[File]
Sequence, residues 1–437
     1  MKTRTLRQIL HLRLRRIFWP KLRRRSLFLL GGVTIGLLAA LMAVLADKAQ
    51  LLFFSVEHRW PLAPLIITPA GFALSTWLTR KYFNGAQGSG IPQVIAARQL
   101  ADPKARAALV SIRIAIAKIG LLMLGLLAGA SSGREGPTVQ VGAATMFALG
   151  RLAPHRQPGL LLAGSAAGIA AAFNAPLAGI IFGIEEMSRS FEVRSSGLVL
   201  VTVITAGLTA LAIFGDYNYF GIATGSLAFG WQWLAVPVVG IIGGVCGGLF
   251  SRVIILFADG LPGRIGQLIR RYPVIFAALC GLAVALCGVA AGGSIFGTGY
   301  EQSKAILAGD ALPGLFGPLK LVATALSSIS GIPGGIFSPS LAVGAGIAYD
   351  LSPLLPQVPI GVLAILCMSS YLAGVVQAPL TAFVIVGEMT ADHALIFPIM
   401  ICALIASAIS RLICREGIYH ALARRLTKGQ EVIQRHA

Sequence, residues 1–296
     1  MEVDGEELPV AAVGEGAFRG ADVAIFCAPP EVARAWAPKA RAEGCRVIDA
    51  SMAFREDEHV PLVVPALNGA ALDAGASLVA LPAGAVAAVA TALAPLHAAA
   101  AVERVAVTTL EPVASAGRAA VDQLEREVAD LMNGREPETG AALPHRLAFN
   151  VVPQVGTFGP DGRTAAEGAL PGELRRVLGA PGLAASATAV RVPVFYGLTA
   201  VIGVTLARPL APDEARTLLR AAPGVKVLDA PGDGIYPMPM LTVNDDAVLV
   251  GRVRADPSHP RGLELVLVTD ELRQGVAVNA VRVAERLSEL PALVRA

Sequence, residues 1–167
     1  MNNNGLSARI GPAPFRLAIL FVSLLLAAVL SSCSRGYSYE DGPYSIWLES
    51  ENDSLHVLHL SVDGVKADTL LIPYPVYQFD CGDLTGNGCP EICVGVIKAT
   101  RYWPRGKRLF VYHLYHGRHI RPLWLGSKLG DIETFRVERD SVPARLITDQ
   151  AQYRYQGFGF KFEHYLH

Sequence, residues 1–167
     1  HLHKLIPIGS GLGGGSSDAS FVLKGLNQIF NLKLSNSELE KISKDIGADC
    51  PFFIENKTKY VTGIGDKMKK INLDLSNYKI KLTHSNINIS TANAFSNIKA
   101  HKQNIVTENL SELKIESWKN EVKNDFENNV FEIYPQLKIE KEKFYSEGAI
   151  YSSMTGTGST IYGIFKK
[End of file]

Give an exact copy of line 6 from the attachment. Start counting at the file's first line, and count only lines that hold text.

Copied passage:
   201  VTVITAGLTA LAIFGDYNYF GIATGSLAFG WQWLAVPVVG IIGGVCGGLF